The 70 disciples play key role in overthrowing worldly powers

By Glen Argan

Empowered by Jesus, 70 disciples – that is, all of us – head out in pairs into “the midst of wolves” to prepare the way for Jesus and to proclaim, “The kingdom of God has come near to you.” They return later, giddy with the success of their mission: “Lord, in your name even the demons submit to us!”

Theirs is a mission of eradicating evil, leaving it to Jesus to bring salvation. Jesus shares in the joy of the returning disciples. “I watched Satan fall from heaven like a flash of lightning.” He has given the disciples authority to tread on all demonic forces, including “the power of the enemy.”

However, the greatest rejoicing should be over the reality that the disciples’ names “are written in heaven.”

Surely, in the Gospel of St. Luke, which is the source of Sunday’s Gospel, personified evil exists. But Luke has an over-arching concern with political and economic oppression in first century Palestine. He is concerned with social status and how it its possessors use their status to exclude the poor and “sinners.”

That does not mean that his Gospel is a political-economic tract which abandons religious concerns, concerns with the transcendent. But spiritual light and darkness are reflected in the common life of the people. History reflects the cosmic battle between good and evil.

If Satan is a spiritual being, so too is he enfleshed in the structures and forces of societal domination. The “enemy” is Satan, but that enemy is seen in the Roman occupying forces and the ruling power of the Jerusalem Temple.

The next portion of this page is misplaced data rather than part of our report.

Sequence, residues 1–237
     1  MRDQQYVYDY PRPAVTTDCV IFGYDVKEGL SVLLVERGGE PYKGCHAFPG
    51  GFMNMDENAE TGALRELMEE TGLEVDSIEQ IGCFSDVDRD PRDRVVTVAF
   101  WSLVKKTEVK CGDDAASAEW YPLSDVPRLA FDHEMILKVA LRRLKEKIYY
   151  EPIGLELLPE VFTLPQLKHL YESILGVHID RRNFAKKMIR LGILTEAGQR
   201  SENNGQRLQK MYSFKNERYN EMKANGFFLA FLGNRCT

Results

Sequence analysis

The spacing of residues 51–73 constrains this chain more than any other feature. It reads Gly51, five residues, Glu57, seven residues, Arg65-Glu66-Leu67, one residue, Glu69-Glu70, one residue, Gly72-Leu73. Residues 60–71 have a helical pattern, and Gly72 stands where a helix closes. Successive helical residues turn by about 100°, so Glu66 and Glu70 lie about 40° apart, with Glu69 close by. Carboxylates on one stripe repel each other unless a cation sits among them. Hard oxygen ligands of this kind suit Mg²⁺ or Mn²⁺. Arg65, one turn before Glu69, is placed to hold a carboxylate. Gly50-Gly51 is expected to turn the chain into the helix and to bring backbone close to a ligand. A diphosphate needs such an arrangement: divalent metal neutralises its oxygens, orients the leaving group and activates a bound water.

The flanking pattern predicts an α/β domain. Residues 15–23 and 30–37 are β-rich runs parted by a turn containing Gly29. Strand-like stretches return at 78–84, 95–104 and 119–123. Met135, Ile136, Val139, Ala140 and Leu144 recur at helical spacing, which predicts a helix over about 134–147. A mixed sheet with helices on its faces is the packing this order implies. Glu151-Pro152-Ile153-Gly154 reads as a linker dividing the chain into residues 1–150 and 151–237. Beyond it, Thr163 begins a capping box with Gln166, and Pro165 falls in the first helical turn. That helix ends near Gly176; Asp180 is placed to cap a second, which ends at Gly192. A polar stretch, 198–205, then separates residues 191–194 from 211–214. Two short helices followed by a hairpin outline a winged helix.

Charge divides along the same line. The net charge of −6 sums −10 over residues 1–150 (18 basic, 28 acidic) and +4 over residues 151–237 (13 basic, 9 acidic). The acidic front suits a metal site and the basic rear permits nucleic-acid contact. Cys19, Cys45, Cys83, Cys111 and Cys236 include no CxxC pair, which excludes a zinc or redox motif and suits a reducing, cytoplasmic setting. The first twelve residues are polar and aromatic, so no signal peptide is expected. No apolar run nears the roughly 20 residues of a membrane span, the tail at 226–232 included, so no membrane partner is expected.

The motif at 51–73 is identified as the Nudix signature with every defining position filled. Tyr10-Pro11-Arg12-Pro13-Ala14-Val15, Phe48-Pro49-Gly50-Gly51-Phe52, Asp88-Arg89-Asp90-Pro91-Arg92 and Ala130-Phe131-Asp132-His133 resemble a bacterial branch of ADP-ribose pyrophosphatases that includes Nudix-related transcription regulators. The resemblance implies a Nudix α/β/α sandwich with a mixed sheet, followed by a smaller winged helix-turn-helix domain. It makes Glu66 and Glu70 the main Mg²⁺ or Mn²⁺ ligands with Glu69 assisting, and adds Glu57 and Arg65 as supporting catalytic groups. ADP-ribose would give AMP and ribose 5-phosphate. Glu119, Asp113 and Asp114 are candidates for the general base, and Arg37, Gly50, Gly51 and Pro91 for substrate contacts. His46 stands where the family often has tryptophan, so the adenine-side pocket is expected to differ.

If this is the enemy, what then is salvation? Scripture scholar Joel Green offers a succinct description: “Salvation is, pre-eminently, status reversal, and this includes not only the raising up of lowly persons whom Jesus encounters in the Gospel, but also the people of Israel as a people, promised liberation from the oppressive hand of Rome. Salvation is also the coming of the kingdom of God, then, the coming of God’s reign of justice, to deconstruct the worldly systems and values at odds with the purpose of God. Salvation also entails membership in the new community God is drawing together around Jesus….” (The Theology of the Gospel of Luke, 94)

Jesus gives the 70 – all Christians –a major role in bringing about salvation. We do not have the power to save, but rather are called to clear away the debris of evil to the extent we are able. How do we do this? We go before Jesus, living simply, proclaiming the kingdom, accepting hospitality and curing the sick, but always resolute in moving forward – “greet no one on the road.” (Luke 9.1-6; 10.3-11)

Today, we are overly focused on power; we see power as necessary to accomplish great things. Jesus’ message is different. Change comes not through complicity with the powerful, but through solidarity with those on the fringes of society. Those who receive no benefit from society’s structures are open to the ways of the kingdom. They may be sinners from the world’s perspective but are also the ones most open to sharing in God’s purposes.

Sunday Readings for July 7, 2019, the Fourteenth Sunday in Ordinary Time
Isaiah 66.10-14 | Psalm 66 | Galatians 6.14-18 | Luke 10.1-12, 17-20

(See more articles like this at On the Threshold)

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